When it comes to disability, we seem to live in two worlds. On
the one hand, we talk about competition, success, and the
importance of autonomy. On the other hand, we see disability as
being linked to poverty and powerless-ness.
We find it difficult to relate to disabled people, and are
unsure of ourselves when we are with them. We cannot decide whether
they are the heroes of the Paralympics, or villains claiming
benefits to which they have no right. In fact, they are neither of
these. They are us.
The experience of a disabled woman in a wheelchair illustrates
the difficulties we face. She is used to being treated as if she is
only half there. Then, one day, she breaks her leg and has it put
in plaster. Everything changes. People assume that she is a
"normal" person who has just broken her leg. She is one of us. They
treat her as a real person. When the plaster cast comes off, she
returns to being overlooked. She is one of them.
A recent campaign by Scope, "End the Awkward", is based on a new
survey which suggested that, of 2000 people who were questioned, 67
per cent felt uncomfortable talking to disabled people. This is not
surprising, since 43 per cent said that they did not know anyone
who was disabled.
Among 18-to-34-year-olds, 20 per cent said that they had
actually avoided a disabled person because they did not know how to
talk to him or her. Yet 85 per cent of those surveyed believed that
disabled people faced prejudice. How ironic.
One would hope that Christians might be different, since Jesus
spent so much time with disabled people. St Paul claims that our
world-view has been transformed: "We now have a new perspective. We
used to show regard for people based on worldly standards and
interests. No longer" (2 Corinthians 5.16, The Voice
In terms of how they are seen, disabled people often say that
the message "Your body needs fixing" comes over as: "There's
something wrong with you." The former is meant to be a matter of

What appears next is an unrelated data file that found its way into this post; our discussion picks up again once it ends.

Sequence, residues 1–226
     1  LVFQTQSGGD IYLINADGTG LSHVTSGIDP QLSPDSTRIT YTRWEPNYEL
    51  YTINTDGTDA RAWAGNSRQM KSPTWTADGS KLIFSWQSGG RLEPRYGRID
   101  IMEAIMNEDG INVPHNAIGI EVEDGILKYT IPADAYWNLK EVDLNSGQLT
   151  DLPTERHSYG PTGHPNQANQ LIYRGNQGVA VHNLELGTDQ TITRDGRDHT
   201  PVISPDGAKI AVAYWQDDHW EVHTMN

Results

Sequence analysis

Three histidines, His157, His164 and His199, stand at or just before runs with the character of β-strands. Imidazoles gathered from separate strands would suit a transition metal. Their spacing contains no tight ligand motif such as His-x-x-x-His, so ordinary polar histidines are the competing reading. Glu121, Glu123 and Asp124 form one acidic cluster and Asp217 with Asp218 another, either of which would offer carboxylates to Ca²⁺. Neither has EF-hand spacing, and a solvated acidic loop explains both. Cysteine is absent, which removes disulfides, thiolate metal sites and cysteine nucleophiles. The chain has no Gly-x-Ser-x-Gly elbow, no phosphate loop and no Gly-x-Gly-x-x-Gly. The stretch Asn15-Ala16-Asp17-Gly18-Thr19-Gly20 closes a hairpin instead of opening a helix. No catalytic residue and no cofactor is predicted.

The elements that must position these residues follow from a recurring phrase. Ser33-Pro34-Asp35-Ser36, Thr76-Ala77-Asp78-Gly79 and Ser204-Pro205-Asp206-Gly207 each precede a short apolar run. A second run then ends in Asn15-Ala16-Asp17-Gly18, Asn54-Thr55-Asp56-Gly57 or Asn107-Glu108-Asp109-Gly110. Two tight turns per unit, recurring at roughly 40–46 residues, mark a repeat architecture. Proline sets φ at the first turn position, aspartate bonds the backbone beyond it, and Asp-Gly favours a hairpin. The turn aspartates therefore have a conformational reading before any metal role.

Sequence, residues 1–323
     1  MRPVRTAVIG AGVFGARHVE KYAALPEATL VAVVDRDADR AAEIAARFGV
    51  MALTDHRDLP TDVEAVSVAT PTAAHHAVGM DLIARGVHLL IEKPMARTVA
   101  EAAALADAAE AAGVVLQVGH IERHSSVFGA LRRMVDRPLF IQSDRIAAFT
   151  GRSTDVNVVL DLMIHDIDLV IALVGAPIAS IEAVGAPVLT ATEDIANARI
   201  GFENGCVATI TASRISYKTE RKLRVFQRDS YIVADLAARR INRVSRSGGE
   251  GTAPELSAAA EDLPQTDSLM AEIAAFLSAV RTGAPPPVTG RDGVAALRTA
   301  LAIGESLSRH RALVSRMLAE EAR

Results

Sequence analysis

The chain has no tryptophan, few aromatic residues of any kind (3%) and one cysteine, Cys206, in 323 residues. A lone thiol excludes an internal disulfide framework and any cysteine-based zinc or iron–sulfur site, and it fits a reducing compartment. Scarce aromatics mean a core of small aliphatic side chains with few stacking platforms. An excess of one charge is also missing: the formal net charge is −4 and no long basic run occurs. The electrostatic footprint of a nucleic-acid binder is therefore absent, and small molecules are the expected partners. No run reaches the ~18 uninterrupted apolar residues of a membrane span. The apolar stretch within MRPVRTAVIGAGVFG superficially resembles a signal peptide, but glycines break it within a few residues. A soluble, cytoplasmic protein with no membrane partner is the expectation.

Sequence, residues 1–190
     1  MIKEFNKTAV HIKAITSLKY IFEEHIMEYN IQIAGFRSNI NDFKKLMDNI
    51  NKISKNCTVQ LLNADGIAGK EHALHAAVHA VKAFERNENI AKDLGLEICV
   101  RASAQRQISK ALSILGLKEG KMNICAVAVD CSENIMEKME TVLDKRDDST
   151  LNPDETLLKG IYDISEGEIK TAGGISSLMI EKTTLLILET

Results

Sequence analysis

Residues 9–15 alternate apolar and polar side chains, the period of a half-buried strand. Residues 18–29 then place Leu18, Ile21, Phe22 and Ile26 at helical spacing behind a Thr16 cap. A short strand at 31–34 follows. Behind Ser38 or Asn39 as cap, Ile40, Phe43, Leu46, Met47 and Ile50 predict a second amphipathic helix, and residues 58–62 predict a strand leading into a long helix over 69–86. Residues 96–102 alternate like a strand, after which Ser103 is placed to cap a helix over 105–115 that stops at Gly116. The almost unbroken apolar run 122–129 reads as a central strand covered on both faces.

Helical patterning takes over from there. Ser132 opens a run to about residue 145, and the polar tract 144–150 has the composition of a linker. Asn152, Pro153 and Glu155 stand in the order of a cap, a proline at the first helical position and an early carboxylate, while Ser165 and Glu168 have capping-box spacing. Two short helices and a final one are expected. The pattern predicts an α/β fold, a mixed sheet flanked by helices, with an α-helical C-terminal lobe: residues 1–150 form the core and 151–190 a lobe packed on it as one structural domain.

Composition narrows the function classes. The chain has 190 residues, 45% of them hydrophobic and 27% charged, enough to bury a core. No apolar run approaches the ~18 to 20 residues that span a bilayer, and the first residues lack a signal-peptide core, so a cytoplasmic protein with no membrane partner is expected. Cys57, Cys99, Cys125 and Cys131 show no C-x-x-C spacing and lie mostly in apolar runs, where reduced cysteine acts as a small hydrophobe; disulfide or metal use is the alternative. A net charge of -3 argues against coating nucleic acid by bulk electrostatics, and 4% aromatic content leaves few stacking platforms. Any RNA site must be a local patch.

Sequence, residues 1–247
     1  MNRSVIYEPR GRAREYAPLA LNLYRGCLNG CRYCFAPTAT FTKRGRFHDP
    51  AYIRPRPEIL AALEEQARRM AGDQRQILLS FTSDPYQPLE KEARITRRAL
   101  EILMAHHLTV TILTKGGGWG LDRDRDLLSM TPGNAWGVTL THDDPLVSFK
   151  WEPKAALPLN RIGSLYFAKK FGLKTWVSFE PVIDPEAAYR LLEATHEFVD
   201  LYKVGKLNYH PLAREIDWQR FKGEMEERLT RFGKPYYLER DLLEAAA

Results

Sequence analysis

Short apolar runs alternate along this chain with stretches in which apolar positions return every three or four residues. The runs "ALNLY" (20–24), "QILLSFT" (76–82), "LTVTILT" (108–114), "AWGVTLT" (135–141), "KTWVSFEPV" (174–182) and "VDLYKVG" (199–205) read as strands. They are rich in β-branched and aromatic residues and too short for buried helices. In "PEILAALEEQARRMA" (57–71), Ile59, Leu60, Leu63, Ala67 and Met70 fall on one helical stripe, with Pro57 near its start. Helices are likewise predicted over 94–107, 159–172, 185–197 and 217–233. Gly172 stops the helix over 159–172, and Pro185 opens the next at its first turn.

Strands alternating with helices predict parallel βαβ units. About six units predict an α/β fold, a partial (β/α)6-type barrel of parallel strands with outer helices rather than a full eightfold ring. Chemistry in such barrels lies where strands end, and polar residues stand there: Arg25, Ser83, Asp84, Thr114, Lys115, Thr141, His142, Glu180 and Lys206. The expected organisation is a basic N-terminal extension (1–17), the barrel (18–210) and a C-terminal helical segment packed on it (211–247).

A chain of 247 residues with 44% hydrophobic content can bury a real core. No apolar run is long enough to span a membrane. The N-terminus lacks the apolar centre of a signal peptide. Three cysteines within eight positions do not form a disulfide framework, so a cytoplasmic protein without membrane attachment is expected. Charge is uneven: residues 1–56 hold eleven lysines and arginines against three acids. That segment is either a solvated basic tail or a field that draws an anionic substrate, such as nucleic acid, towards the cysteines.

medical fact, but the latter is about social exclusion.
The rise of the disability movement, with its slogan "Nothing
about us without us" threw down the gauntlet to abled people
everywhere to transform the way in which they saw disabled people.
As a result, we have become more aware of the importance of
inclusion as the basis of participation in society. Action on
disability issues is changing from something we do for
disabled people to something that we do with them. The
disability movement campaigned for legislative change, which
Using the word "abled" rather than "able-bodied" indicates that
the majority of people who do not (for now) have an impairment
benefit from the way in which society is organised. It should be
humbling to realise that our success and independence is largely
due to being abled by a society that disables others.
Abled people do not have to worry about the unfairness of
"back-to-work assessments", be anxious about the changes to
Disability Living Allowance, or worry about how they are going to
cope when the Disabled Students' Allowance is changed.
The Church is called to be a Church for all people. Yet many
disabled people feel that they are seen as unacceptable unless they
are "healed". Their "deficient" bodies must become "normal" ones.
Sadly, when this attitude crops up, they are disabled not only by
society, but by the Church as well.
Thankfully, the Church can also celebrate diversity riotously
and lovingly. The word for "healing" in the New Testament is the
same as that for "salvation": the Church can be transformational
when it draws people into the centre of its life, blesses them, and
affirms them as they are, while remaining open to the way in which
God wishes to work in their lives, whatever that is. It is the
essence of the gospel that you do not have to be "cured" to be
The Church is called to be "enabling" rather than disabling. The
Spirit brings together diverse groups of people into community. It
is part of the extraordinary nature of the Church that we preach
that Christ has made us whole, however unconventional our bodies
Over the past few years, the network Churches For All, which
represents a number of Christian disability organisations, has
usedthe phrase "Enabling Church". Itis the "enabling" that is so
vitalto a Christian approach to disabil-ity.
The theologian Dietrich Bonhoeffer once wrote that he had found
a church that showed what the Church should be like. It was one
where people from the university mixed with people from the street,
and where many disabled people worshipped, including many with
uncontrolled epilepsy, who had seizures during the services. He
revelled in this diverse community, which was brought together by
the enabling Spirit.
Perhaps some people stay away because we want our churches to be
too neat. This is strange. After all, we worship a Christ who is
risen, but still wounded.
Roy McCloughry is National Disability Adviser for theChurch
of England, and Vice-President of Livability. His book
The Enabled Life: Christianity in a disabling world was
recently published by SPCK.
The next Enabling Church conference is on 3 June